Skip to comments.Gay marriage 'inquisition' looms [CofE]
Posted on 11/15/2005 3:48:40 PM PST by sionnsar
Warnings of an 'inquisition' have come from the Lesbian and Gay Christian Movement in response to the Archbishop of Canterbury's latest comments on civil partnerships. Dr Rowan Williams, in a Q&A posted on the Global South's new website, spoke movingly of his first encounter with the 'living God' at a Russian Orthodox Mass in Swansea. But in the same session he addressed the question of 'discipline' on the issue of civil partnerships, which will become legal in the UK from next month.
He said, 'If it can be established that a priest seeking to register a civil partnership is in fact active in a sexual union, then that priest is liable to the discipline of the Church.'
He continued, 'What form the discipline takes, since we are in the middle of revising our disciplinary provision, I can't at this moment say with precision, but I'll simply mention that it is recognised as a disciplinary offence if priests either refuse to declare that his civil partnership is not a sexual union, or if they volunteer to the bishop that it is a sexual union.'
What a nightmare lies ahead for the Church and its unfortunate clergy. It conjures up images of people shinning up drainpipes at vicarages to try and photograph clergy 'in the act'. In Britain, the need for evidence of sexual activity in the bedroom went out with the secular divorce reforms but it seems as if the Church of England, in all its compassionate consideration, is about to bring it back.
The Rev Richard Kirker, of the Lesbian and Gay Christian Movement, believes that up to 400 gay clergy couples will register their partnerships within the first five years of the Act coming into effect. But unlike with marriages, there will be no requirement for public notice to be given or for banns, and no need for witnesses at the ceremony. Mr Kirker believes therefore that many clergy who do register their partnerships will do so secretly to avoid what he describes as an 'inquisition'.
But register them they will, he says, because it makes such good sense from the point of view of security, pensions and inheritance. It is difficult therefore to see how they will be able to keep the arrangements secret, given that the Church Commissioners will have to know if there is going to be a future claim on a clergy pension from a civil partner.
Both liberals and evangelicals are unhappy with the bishops' civil partnerships statement. Evangelicals are upset because they are told they must not quiz lay members of their congregations about the sexual nature of their civil partnerships. This is one of the reasons that the Rev Richard Coekin, the Southwark priest who's had his licence revoked, fell out with his bishop Tom Butler and declared his congregation in impaired communion with the bishop. (Links to then latest developments on this story can be found here.)
Liberals, on the other hand, are upset because they are being told they must quiz the clergy about their civil partnerships. (While this apparent double standard might seem strange to the unitiated reader, it is in fact a natural consequence of the principles outlined in the 1991 document, Issues in Human Sexuality.)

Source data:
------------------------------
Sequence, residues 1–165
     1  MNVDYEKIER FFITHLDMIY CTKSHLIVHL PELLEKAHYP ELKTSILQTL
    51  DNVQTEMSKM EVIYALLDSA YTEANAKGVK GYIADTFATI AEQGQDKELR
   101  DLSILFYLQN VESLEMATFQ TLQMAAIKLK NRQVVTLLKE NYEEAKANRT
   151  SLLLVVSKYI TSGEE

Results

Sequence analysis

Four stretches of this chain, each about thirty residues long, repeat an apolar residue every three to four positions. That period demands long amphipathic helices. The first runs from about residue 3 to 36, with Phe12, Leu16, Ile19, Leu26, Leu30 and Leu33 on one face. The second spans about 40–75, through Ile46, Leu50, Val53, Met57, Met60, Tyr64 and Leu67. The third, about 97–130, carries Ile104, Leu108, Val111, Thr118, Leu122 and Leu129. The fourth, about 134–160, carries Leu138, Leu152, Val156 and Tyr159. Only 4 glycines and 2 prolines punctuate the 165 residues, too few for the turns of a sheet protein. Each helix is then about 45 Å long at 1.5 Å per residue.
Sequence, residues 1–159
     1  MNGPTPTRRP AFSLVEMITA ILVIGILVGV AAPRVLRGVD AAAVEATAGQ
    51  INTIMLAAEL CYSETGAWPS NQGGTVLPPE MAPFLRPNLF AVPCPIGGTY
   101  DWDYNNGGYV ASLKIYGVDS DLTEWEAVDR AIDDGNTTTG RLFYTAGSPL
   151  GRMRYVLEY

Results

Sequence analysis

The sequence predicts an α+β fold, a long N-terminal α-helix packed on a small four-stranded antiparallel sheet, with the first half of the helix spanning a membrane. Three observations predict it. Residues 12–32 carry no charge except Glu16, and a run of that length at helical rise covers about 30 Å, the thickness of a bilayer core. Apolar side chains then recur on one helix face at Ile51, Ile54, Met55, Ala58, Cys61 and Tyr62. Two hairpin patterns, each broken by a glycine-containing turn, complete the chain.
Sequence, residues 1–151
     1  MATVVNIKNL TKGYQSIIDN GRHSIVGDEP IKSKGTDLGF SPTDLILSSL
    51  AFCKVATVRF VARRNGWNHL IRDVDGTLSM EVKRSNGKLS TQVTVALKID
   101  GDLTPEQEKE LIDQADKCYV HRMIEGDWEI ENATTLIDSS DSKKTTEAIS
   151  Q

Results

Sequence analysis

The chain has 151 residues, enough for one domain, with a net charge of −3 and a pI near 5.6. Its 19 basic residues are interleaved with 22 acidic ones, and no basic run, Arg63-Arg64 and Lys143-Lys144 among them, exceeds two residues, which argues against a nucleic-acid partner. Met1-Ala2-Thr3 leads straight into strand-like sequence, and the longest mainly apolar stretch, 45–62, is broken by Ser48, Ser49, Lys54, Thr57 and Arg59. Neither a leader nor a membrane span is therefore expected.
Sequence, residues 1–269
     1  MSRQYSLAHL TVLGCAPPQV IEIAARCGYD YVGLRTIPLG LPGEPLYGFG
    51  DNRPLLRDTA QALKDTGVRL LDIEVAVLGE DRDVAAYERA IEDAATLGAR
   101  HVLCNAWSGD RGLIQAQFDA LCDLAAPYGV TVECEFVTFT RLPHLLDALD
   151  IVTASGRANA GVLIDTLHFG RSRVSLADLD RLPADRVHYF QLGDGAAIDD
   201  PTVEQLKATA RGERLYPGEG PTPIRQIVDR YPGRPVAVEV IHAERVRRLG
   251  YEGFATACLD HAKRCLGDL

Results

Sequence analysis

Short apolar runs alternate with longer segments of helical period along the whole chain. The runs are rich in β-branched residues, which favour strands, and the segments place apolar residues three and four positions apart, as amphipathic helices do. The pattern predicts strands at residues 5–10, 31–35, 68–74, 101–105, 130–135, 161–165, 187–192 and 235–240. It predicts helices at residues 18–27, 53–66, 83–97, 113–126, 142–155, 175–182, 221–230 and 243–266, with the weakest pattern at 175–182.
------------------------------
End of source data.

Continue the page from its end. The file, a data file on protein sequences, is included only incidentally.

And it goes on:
However, only one bishop, the liberal Peter Selby of Worcester, has had the courage to dissent publicly.
Dr Selby says, 'I remember meeting two priests, one of whom was having to nurse the other in the final stages of an AIDS-related illness. Had it been possible for them at that time, I imagine they might have considered entering a civil partnership. Whether they did so or not, they (like many I have known since, in less distressing circumstances) certainly threatened nobody, and offered an enriching inspiration of what it means to be in relationship - for better, for worse.
'I dare to hope that bishops will find better ways of relating to such couples than seeking assurances, and I believe many of us will. But, sorry as I am to need to say so, the words we have uttered on this topic will not help either bishops or those to whom they minister. For the desire of people to enter civil partnerships, and the willingness of the Government to make that possible, represent something far more hopeful than this document makes it appear.
'Sustaining the Church's doctrine of marriage is a challenging task at this time, almost entirely for reasons that have, if we are honest, little to do with homosexuality. If our difficulty as Church with particular life-choices means that we cannot speak hopefully about what are clearly signs of commitment and responsibility, perhaps it would have been better to say nothing.'
This is, after all, what the Roman Catholic church has opted to do. I had assumed, the CofE being the established church, that it was incumbent on it to do something, but if a bishop is suggesting nothing need have been done, maybe that would indeed have been the better course of action.
I bet you're wishin'
That we'd go away
But the lovely inquisiton is here to staaayyy
On a more serious note ---
How in the world can anyone blame a religion -- any religion -- for having moral standards and enforcing those standards?
If you don't like the doctine of the church -- GO TO ONE THAT MATCHES YOUR PERSONAL STANDARDS!
Instead those with no morals want to push their agenda to remove the morality from long-established religions.
I think we need (or are in) a new Crusade -- against the Godless who want to drag all Christianity down.
I get this image of a pile of "faggots" at the base of a stake. Forgive me! :)
Too bad it was Ripley and Latimer, instead of some other folks we could mention . . . < g >
Which only goes to prove that an inquisition isn't always a bad thing...
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